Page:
The facts can be summarised in this way. In so far as there was an association between Mr Uzzell and Mr Bjuroe, it arose out of the very close friendship between Ms Dillon and Ms Schaller. As Mr Uzzell put it in evidence, Ms Schaller and Mr Bjuroe were Ms Dillon's friends, not his. Mr Bjuroe put it in a similar way. He said that he and Mr Uzzell were people with very different interests who were dating two people who happened to be friends. Ms Schaller said much the same. So too did Ms Dillon. However, in 1999 Ms Dillon and Mr Uzzell began to socialise fairly frequently with Ms Schaller and Mr Bjuroe. The four of them went on a three week holiday to Canada and the United States in September 1999, although they travelled separately and did not always stay together. They were also members of a larger party which had made an earlier weekend trip to Central America and they went out on Mr Uzzell's boat together from time to time. The two men rarely socialised other than when their girlfriends were present, although they went fishing, according to Mr Uzzell, on one occasion. They may have played golf together but, if so, very rarely because, unlike Mr Uzzell, Mr Bjuroe was not a keen golfer. After the holiday to Canada and the United States they started to see less of each other as couples and they drifted apart in early or mid 2000, when the relationship between Mr Uzzell and Ms Dillon was running into difficulties. Mr Uzzell and Ms Dillon split up in about March 2001. There was little or no contact between Mr Uzzell and Ms Schaller or Mr Bjuroe after that.
At some stage, probably in 1999, there was a conversation between the couples about the C4T scheme. The Cayman Islands is a small community in which, as the witnesses agreed, everybody knows one another. The C4T scheme was well known and much discussed in the Cayman Islands. However the evidence of Ms Dillon and Mr Uzzell was not entirely consistent in this regard. Ms Dillon said in her affidavits and in evidence that she had discussed the scheme with Mr Uzzell, Ms Schaller and Mr Bjuroe as follows. Ms Schaller and Mr Bjuroe recommended the scheme because they had invested in it and were delighted when they received their first payment from the scheme. She and Mr Uzzell decided not to invest in the scheme because it seemed too risky. In a discussion over dinner at which all four were present, Ms Schaller and Mr Bjuroe said that they were adamant that the scheme was lawful but she and Mr Uzzell had reservations. The collapse of C4T occurred when they were on holiday together or shortly after they got back. There was some discussion of the loss incurred by Ms Schaller and Mr Bjuroe because, as their friends, Ms Dillon and Mr Uzzell were very concerned for them. Mr Uzzell was sure that the whole scheme was illegal, a view he shared with his father.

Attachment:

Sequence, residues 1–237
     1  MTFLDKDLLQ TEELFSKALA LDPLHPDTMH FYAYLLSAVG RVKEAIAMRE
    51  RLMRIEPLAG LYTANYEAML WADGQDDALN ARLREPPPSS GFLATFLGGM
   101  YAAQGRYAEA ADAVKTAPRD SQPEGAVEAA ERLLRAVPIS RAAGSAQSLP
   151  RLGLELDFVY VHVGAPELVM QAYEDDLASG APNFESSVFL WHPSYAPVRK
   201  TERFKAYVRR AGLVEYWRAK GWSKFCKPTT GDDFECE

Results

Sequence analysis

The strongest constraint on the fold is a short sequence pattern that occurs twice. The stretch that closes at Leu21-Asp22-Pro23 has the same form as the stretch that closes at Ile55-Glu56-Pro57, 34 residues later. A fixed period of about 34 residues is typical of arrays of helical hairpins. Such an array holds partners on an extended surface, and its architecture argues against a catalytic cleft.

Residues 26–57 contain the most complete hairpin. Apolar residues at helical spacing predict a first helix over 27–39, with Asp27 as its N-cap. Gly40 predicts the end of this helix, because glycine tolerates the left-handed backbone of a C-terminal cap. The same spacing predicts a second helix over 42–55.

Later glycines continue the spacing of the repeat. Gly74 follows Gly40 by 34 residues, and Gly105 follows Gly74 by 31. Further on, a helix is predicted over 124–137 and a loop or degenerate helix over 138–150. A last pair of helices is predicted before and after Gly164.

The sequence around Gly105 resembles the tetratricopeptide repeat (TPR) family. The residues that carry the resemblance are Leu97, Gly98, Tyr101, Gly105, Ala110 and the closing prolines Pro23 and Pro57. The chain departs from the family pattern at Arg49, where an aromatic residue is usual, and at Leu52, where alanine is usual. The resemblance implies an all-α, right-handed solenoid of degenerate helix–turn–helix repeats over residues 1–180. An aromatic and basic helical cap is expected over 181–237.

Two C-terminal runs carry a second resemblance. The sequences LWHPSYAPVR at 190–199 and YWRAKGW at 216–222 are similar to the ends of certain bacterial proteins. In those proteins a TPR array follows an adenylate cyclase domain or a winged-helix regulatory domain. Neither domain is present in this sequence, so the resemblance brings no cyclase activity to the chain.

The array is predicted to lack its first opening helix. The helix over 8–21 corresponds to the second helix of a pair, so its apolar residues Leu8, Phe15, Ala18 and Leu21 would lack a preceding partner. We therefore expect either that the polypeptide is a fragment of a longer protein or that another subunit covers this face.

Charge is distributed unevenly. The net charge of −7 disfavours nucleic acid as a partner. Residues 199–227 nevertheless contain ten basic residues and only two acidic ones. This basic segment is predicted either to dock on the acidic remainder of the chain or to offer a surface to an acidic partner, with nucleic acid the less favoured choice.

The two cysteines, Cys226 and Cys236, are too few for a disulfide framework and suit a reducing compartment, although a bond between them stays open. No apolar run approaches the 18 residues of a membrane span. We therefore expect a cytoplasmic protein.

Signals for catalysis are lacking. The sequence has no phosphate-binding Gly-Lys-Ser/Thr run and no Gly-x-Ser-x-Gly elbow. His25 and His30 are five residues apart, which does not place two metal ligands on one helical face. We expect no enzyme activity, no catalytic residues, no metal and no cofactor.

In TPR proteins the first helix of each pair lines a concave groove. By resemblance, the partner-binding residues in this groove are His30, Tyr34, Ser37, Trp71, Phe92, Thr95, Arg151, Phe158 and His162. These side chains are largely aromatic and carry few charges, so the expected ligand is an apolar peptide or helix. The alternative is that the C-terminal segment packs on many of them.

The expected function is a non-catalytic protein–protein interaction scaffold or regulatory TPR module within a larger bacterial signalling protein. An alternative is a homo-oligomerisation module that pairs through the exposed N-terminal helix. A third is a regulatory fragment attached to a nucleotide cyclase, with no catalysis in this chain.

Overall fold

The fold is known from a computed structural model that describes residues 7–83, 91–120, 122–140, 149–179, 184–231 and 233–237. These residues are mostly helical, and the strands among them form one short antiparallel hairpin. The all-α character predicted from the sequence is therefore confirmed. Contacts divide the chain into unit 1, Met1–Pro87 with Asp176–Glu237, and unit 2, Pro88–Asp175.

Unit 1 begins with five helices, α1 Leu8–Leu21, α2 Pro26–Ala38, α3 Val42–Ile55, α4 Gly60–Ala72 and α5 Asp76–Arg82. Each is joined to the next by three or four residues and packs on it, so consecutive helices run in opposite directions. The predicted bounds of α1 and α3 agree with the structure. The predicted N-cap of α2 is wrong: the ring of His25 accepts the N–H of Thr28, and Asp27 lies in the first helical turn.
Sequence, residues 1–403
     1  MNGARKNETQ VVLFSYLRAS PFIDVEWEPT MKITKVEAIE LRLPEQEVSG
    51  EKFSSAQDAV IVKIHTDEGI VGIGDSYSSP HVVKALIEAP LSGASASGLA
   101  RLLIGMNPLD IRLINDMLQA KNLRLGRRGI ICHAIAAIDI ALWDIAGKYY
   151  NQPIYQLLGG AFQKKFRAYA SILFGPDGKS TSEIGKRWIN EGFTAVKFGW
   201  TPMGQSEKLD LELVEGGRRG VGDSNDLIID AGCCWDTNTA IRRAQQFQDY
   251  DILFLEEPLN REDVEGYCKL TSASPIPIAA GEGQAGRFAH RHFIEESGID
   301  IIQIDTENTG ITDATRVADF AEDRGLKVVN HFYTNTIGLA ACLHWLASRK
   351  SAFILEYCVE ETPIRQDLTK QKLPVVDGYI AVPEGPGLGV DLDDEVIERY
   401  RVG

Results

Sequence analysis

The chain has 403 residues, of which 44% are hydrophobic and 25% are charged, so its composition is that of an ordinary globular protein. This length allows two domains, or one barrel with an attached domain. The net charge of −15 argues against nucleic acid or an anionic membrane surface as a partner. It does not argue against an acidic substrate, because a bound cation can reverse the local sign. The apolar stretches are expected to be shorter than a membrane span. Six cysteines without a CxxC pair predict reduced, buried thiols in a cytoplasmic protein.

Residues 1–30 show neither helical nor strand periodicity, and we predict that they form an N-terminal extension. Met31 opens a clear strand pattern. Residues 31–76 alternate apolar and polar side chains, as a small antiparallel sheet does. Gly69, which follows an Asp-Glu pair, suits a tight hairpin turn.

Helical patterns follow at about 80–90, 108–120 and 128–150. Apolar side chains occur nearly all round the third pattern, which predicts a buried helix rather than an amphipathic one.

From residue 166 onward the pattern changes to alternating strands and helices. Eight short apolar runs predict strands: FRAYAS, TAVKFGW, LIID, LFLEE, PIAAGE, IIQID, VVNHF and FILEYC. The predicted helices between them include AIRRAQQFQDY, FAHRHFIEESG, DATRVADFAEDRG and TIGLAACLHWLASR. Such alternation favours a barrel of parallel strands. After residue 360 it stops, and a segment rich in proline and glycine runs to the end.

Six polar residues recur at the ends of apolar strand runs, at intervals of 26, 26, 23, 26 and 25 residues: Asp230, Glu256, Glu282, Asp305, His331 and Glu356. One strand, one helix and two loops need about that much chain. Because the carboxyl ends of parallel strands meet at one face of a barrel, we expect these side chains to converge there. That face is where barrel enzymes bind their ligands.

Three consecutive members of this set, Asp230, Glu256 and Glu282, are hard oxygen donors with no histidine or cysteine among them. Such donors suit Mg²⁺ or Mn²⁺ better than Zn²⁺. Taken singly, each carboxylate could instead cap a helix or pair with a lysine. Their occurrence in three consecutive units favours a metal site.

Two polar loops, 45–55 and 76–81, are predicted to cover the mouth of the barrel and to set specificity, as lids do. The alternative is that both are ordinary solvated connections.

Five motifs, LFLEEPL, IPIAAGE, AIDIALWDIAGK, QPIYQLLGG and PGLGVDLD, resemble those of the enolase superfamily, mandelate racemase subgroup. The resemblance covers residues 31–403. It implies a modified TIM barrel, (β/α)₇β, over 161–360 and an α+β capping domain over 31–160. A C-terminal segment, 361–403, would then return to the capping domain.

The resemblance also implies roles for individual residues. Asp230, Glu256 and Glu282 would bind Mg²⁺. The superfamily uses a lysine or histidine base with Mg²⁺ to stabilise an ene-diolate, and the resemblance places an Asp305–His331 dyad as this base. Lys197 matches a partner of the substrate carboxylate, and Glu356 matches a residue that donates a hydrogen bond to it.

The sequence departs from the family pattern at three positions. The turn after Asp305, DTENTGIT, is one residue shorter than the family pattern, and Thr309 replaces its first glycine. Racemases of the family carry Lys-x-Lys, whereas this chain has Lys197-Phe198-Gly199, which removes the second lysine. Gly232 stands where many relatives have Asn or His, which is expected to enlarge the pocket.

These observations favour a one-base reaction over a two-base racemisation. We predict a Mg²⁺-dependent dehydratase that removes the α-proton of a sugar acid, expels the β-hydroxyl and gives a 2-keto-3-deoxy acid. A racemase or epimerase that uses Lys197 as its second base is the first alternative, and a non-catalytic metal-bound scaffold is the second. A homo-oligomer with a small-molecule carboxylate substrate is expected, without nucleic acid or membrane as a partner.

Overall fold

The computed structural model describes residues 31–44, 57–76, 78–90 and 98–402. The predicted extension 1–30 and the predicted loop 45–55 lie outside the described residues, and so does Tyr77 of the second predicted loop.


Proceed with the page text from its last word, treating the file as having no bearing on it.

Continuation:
In cross-examination Ms Dillon said that most of the discussion on this topic was between her and Mr Bjuroe. She was somewhat vague about the detail but she said that there was also some discussion when they learned of the collapse of the scheme, which was in October 1999, shortly after the end of the holiday to Canada and the United States. It is fair to say that the oral evidence of Ms Dillon as to what was said about the detail of the scheme and the Bjuroes' investment in it was less firm than that contained in her statement; in particular, as the Court of Appeal observed, she did not know if Mr Uzzell had said that the scheme was a pyramid scheme because she could not recall any specifics of the conversation in question.
Ms Schaller's evidence was to the effect that there had been general discussion about the scheme and the fact but not the detail of their investment in it. Mr Bjuroe's evidence was to much the same effect. It is a fair inference from the evidence taken as a whole that Mr Uzzell knew from what was said that Ms Schaller and Mr Bjuroe had lost money from their investment but not the amount, save in very general terms. Importantly, there is no evidence that anyone mentioned Mr Tibbetts' name in the context of the scheme. Nothing was said which implicated Mr Tibbetts in the scheme.
Mr Uzzell said in his second affidavit in response to that of Ms Dillon that he had no recollection of any discussions concerning the C4T scheme or investing in it. Critically he said that before his involvement as a juror at the trial he did not know how a pyramid or Ponzi scheme worked so that he could not have expressed views to that effect to Ms Dillon or anyone else. For the same reason Mr Uzzell took issue with Ms Dillon's statement that he had some preconceived belief that the C4T scheme was 'an illegal scam run from the Cayman Islands'.
As the Board reads the judgment of the Court of Appeal, it accepted the evidence of Mr Uzzell, as it was entitled to do, especially when the appellant declined to test the evidence in cross-examination. There was thus some discussion about the C4T scheme in general and the fact that Mr Bjuroe and Ms Schaller had invested in it but Mr Uzzell did not say that it was a pyramid or a Ponzi scheme or that it was illegal. Further, no-one mentioned the appellant or the fact that he was involved in the scheme. In these circumstances there is no warrant for the suggestion made in oral argument before the Board that Mr Uzzell had a preconception of guilt based on what he was told by Mr Bjuroe or anyone else. Subject to what follows, the highest that the case can be put is as it was put to the Court of Appeal in the passage quoted above.